First-ever indigenous people’s channel launches with limited distribution

By Graham Vyse

The United States’ first 24/7 television channel for indigenous people has begun airing on a handful of public television stations across the country. The channel’s launch was limited, as producing station KVCR in San Bernardino, Calif., seeks a national distribution deal and additional funding.

In addition to KVCR, FNX: First Nations Experience is carried by KEET in Eureka, Calif., LPTV in Bemidji, Minn., and Navajo Nation TV-5, which covers parts of New Mexico and Arizona. Chicago’s WYCC and Oklahoma’s CATV-47 plan to begin airing the channel soon. Meanwhile, technical difficulties with FNX equipment have delayed its launch on Wyoming PBS.

The mission of FNX, as described by General Manager Kenn Couch, is to explore the culture and history of Native Americans and indigenous people around the world, topics largely ignored by mainstream media. Original content includes In Our Words, featuring short interviews with noteworthy community members; People of the Pines, presenting 30- to 60-minute documentaries; and FNX Now, a series of short news segments. The channel also airs programs from Vision Maker Media, the Native media production nonprofit funded by the Corporation for Public Broadcasting, and Canada’s Aboriginal Peoples Television Network.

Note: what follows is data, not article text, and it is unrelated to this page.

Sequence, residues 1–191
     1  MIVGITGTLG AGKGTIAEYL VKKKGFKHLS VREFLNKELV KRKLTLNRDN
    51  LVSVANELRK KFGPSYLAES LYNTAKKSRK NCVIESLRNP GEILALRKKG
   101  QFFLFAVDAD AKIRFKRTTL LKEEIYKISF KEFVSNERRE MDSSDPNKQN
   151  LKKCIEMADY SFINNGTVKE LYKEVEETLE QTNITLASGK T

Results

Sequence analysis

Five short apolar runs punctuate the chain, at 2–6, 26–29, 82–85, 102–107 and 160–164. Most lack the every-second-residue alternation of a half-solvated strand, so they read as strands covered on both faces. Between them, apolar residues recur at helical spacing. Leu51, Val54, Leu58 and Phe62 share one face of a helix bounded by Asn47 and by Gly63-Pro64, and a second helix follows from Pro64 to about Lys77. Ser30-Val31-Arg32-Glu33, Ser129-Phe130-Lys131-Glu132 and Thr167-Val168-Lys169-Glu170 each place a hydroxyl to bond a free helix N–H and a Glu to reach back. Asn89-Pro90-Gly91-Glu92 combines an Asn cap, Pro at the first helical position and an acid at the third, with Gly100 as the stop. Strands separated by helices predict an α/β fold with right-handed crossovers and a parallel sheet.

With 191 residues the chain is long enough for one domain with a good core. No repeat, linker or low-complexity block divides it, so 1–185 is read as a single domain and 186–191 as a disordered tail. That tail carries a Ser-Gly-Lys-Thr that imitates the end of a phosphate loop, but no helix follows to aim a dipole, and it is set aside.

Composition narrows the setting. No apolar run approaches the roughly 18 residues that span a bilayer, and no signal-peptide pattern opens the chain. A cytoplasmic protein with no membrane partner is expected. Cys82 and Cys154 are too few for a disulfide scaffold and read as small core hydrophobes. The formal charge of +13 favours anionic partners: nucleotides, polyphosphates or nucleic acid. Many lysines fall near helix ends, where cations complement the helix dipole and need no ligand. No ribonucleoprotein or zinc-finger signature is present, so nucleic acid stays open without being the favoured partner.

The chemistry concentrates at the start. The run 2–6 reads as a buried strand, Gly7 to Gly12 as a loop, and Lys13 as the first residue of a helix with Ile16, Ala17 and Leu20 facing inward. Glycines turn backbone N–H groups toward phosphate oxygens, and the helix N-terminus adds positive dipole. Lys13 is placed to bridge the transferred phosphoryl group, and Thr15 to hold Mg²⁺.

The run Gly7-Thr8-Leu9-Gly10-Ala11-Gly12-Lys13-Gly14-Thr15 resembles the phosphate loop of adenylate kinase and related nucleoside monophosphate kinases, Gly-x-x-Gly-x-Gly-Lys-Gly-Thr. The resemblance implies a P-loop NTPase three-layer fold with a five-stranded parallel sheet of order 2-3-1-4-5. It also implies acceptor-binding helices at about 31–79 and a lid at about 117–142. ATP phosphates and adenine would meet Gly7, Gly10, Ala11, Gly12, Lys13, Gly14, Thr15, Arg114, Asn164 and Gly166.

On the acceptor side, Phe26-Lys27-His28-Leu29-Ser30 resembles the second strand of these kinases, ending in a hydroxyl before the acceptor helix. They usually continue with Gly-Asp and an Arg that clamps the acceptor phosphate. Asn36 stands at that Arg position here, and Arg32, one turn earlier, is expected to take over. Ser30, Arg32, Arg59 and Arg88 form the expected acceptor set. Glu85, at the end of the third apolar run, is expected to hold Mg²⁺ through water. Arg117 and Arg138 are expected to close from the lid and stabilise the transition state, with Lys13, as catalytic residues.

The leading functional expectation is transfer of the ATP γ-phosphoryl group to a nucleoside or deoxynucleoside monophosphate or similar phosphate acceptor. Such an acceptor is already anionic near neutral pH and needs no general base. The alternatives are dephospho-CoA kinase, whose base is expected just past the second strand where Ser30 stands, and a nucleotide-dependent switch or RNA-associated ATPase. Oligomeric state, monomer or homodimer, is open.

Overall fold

The grant that provided startup funding for FNX — $2.5 million a year awarded by California’s San Manuel Band of Serrano Mission Indians — will run out in 2014.

“We are currently settling commitments for future funding, but that’s just not something I can talk about,” Couch said.

Couch has talked with PBS about offering FNX’s programs nationally, but thus far nothing has come of those conversations. Couch has requested distribution of FNX through the public TV interconnection system, which PBS manages, according to Jan McNamara, PBS spokeswoman. PBS agreed to assist with a formal request to the Interconnection Committee, she wrote in an email.

“My understanding is that we are organizing some material now,” she said.

There is certainly a market for what FNX is selling. Several station programmers told Current they are excited about the channel and believe it will help them improve service to Native American communities.

“When you think of Native American culture, what you’re used to seeing on television is historical figures,” said FNX production director Frank Blanquet.

FNX aims to show the diversity of contemporary Native American communities, Blanquet said.

“It’s a regular community. It just happens to have a native or indigenous ancestry.”

  • N.W.A. ☪

    wish i could watch it here in texas

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